The death of local journalism is well-documented. Local newspapers across the country have been gutted, leaving towns across America without reliable information sources. The loss of a town’s first draft of history spells disaster for its second and third drafts, too. In many places, local historical societies are the last lines of defense against the total loss of local history. Local historical societies, a large portion of which are volunteer-run, collect and preserve publications, journals, photographs, and other ephemera to record an area’s history.

It’s an endeavor that often lacks the resources of national history, which can seem more appealing than its local cousin. Its scholarship is more accessible, its historians higher profile, and its impact seemingly wider. National history is relevant to an audience of millions, while local history, though also important, is often overlooked. 

Michael Lotstein, university archivist at Yale, told The Politic, “There’s a saying that all politics is local. The same can be said for history.” He said that local history is a key element in illuminating our national past. “Any time you’re writing a history of some aspect of the history of the United States, whether it’s political, military, social, economic, oftentimes that history is built upon the local historical archives that document different areas of society.”

A national event rarely affects all communities uniformly, and the varying impacts of any policy or change are lost in nationwide statistics. The national story, though essential, necessarily excludes local stories, which may not fit perfectly into the national narrative, but are crucial to understanding the history of an individual place. Local histories are further challenged by the fact that fewer records and resources exist to research them.

Local history is often an important source for constructing genealogical records, which fuel the popular hobby and discipline of genealogy. In 2019, the market for genealogy services was valued at $3 billion, and was expected to grow. Family histories help people connect with their living kins and create a sense of family pride. David Rowland, the president of the Old York Road Historical Society, which preserves the history of the eastern Montgomery County region in Pennsylvania, estimates that one-third of the inquiries the society receives are from people hoping to learn more about their ancestors. The society’s volunteers help amateur genealogists search through social registers, newspapers, and the society’s other records for information on their ancestors. Understanding the lives of one’s forebears often requires understanding the context in which they lived: in other words, the local history of their town—which wouldn’t exist without local preservation efforts.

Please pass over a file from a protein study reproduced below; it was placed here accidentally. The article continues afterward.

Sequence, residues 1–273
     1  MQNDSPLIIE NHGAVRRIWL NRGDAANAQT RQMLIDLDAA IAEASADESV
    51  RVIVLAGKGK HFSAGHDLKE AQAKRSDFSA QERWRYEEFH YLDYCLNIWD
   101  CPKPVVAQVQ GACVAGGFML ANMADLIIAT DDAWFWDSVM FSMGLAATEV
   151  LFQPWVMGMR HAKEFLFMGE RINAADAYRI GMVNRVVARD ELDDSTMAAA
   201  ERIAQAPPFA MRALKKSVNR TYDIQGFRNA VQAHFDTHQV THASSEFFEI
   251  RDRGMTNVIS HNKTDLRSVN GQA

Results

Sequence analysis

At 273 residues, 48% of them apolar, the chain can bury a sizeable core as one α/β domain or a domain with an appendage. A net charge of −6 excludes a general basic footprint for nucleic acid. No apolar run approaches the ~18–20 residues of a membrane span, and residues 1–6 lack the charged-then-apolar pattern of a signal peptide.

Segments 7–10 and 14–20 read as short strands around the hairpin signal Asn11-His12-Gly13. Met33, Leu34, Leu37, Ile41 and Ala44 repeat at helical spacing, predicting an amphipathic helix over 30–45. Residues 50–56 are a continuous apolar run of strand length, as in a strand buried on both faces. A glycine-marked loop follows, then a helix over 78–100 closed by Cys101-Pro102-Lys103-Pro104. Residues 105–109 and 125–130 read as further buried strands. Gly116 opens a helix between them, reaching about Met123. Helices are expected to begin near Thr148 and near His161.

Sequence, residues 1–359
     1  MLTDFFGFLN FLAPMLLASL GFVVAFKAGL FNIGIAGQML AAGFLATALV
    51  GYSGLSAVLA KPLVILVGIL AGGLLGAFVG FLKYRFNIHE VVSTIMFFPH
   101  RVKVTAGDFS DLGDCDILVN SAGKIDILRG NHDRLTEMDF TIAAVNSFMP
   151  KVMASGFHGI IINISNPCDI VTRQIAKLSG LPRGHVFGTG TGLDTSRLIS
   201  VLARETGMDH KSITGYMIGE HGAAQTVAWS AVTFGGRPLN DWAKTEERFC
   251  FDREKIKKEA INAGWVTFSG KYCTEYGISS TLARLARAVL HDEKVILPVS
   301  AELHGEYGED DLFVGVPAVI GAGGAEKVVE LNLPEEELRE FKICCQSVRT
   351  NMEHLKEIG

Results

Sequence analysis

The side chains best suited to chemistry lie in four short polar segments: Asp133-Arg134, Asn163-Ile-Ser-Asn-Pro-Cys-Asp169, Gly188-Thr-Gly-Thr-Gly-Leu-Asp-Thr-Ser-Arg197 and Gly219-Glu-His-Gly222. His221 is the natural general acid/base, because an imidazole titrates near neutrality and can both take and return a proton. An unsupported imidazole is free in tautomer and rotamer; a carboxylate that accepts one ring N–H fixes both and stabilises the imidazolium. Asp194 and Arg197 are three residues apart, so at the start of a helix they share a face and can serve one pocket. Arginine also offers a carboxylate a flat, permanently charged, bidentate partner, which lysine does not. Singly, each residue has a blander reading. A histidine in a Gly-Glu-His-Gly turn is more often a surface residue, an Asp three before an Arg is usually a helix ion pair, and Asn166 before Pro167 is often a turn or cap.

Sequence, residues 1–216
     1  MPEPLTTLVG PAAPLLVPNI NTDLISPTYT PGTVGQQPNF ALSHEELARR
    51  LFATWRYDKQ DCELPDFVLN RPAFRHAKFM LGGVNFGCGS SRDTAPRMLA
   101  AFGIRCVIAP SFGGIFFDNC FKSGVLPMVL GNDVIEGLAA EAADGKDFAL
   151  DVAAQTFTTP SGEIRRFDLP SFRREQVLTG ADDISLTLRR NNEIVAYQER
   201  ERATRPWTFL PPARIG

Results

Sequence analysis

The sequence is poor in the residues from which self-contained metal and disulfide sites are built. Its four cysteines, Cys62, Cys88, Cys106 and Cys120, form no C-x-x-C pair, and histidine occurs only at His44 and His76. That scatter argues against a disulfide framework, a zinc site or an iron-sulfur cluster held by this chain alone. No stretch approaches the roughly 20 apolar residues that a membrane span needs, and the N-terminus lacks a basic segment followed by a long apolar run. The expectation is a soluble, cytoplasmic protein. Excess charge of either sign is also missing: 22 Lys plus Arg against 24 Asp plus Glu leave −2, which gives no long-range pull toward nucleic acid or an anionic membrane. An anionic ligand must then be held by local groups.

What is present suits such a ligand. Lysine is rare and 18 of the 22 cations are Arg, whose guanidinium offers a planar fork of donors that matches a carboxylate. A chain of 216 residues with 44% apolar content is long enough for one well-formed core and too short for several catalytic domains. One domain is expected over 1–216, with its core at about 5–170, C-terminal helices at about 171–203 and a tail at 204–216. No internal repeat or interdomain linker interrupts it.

Local history even adds to one’s understanding of the present. It explains why Upper Moreland and Lower Moreland are two different townships in Montgomery County, Pennsylvania (the wealthy businessmen got into a pissing match in the early 1900s and split Moreland township). Local history explains where street names come from, why a town is organized the way it is, and how its government was formed. It answers the questions that come to mind when we’re walking down a nearby street, but that we quickly accept are too difficult to answer.

And for all the questions it can answer, local history, like all history, requires a concerted effort to preserve, and it is easily lost. A few years ago, Rowland tried to collect an archive of five area newspapers for the Old York Road Historical Society. The publisher was moving its offices, and he asked a representative if he could collect its print archives before it made the move. The representative assured him that the newspapers would be kept, and he should collect them later. But a few weeks later, he was told the papers had been thrown out in the move. All it took was one oversight, and what was likely the only existing archive of those newspapers—and possibly the most comprehensive record of the area’s history—was gone forever.

Over time, there have been many similar failures to document important information—sometimes having grave consequences, as in the case of the 1918 influenza pandemic. Due to a lack of local preservation, historians are missing important evidence like personal stories to properly analyze the sweeping impact that the 1918 pandemic had on the global population. A century later, this is a mistake archivists want to ensure is not repeated. 

Because history does not preserve itself, over the past year, historical societies across the United States have documented the pandemic lives of Americans. They have collected people’s stories, photographs, and videos, creating a record for future historians. Many compare today’s moment to previous major historical events that are studied by today’s historians. Last year, Lotstein created the Yale Help Us Make History Project to collect and archive student experiences during the pandemic. Erin Garcia, director of exhibitions for the California Historical Society, told the Washington Post, “These pandemic photos and stories will become primary source material for researchers in the future studying this moment.” 

Though the pandemic has intensely influenced human life in the last year, the limits of its influence should not constitute the limits of our efforts to document current human life. Local and national history alike need to be documented so that we might preserve the fullest picture of the present day.

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